But each person is tempted when he is lured and enticed by his own desire. Then desire when it has conceived gives birth to sin, and sin when it is fully grown brings forth death. – James 1:14-15

Also they teach that since the fall of Adam all men begotten in the natural way are born with sin, that is, without the fear of God, without trust in God, and with concupiscence; and that this disease, or vice of origin, is truly sin, even now condemning and bringing eternal death upon those not born again through Baptism and the Holy Ghost. – Augsburg Confession 2

Most of Christianity up until the 20th century has a focus on sin as a personal thing.  The biggest change in vocabulary which picked up velocity in the late 20th century was the movement of sin away from the individual heart and toward systemic things. The Augsburg Confession article 2 uses a big but useful word – concupiscence – which is the tendency to sin.  This is what James is talking about when he says each person is tempted by his own desire. Sin lives in our members (Romans 7:5, 23).  They are constantly proposing things for us to think and then do.  And the Reformers considered this concupiscence itself to be sin. We are bound to sin.  It is the intervention of God through Baptism and the Holy Ghost that can free us or give us some control over that desire.  For the first time we can mortify it (Romans 8:13, Colossians 3:5). 

Contrary to that individual story of sin, the modern story tells us something much different. I think the modern story tells us that we ourselves are neutral, maybe even good.  It is evil systems that ensnare us.  Sin is not the result of us giving in to our own desires but participating in evil structures.  It is not that the bible denies such systemic evil.  It would call that the devil and the world, the powers and principalities of this dark realm (Ephesians 6:12). The big difference being that Christ is victorious over the powers and on the last day will condemn them to the pit.  Until that day, we walk in danger all the way.  We might be complicit with these powers, but they are not responsible for our sin. If you took natural us and placed us in the New Jerusalem with perfect systems, we would still desire to sin. Adam and Eve did, and they were not fallen.  They just had the potential to fall.  Our natural selves are bound.  And ultimately, when we have learned to remain steadfast under trial, those systemic structures would fall themselves.  When Satan and the World can no longer sway me, their structures blow away and are nothing.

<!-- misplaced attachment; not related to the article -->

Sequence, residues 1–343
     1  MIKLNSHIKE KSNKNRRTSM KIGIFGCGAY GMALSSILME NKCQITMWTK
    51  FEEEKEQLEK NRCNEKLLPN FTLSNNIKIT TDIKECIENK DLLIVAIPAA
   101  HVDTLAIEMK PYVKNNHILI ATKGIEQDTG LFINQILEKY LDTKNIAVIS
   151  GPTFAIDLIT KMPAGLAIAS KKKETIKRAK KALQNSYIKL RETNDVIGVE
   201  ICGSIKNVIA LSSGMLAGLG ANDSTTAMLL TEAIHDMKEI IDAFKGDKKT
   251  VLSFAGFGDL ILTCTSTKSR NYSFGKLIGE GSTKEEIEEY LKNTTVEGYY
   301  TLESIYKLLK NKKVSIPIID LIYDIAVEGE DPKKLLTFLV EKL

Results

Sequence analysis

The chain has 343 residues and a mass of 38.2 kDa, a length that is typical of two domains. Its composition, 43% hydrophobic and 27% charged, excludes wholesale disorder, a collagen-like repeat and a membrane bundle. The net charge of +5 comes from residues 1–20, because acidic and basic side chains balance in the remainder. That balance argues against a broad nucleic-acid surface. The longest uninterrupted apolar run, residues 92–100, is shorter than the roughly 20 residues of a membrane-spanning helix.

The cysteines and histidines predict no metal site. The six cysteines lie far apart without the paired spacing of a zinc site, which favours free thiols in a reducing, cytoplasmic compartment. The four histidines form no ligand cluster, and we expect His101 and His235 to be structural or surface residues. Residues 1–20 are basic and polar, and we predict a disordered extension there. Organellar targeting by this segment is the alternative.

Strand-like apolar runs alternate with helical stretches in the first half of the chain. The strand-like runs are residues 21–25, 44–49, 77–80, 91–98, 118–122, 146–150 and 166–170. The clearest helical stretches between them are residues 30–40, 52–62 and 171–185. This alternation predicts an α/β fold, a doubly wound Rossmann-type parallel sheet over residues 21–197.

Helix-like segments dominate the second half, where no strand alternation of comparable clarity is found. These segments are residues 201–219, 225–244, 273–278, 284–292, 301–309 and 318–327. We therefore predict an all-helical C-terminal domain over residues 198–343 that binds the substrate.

I rehearse that for this reason.  If our sins are due to what is outside of us, the problem abides with God who placed us in bad places.  Yet James is explicit that “God tempts no one.” God desires to lead in green pastures and still waters. It is we who desire to push and shove the other sheep and make the green grass a mud hole. And God never changes in this desire. “Every good and perfect gift comes from above. (James 1:17).” And the real problem of a lifetime of sin is that we become defined by our pet sins. We are our sins. So when Christ offers his salvation, which is the exchange of our sin for his righteousness, it can literally feel like we are giving up ourselves. Lewis’ The Great Divorce is magical at this depiction.  The various souls on vacation from hell are all bound in some way to a representation of their sin.  And almost all of them refuse to give them up.  Their sin is ultimately too precious to themselves. And Pharaoh hardened his heart.

The one who will receive the crown of life recognizes that the concupiscence might be from within me, but it is not me.  Not in the good way God desired to make us.  And we must hand it over to Christ at the foot of the cross. My sin is no longer mine, but it is held for all of us by the crucified, where all sin dies.  That work of handing over what feels like our very life is the daily gritty struggle of faith.

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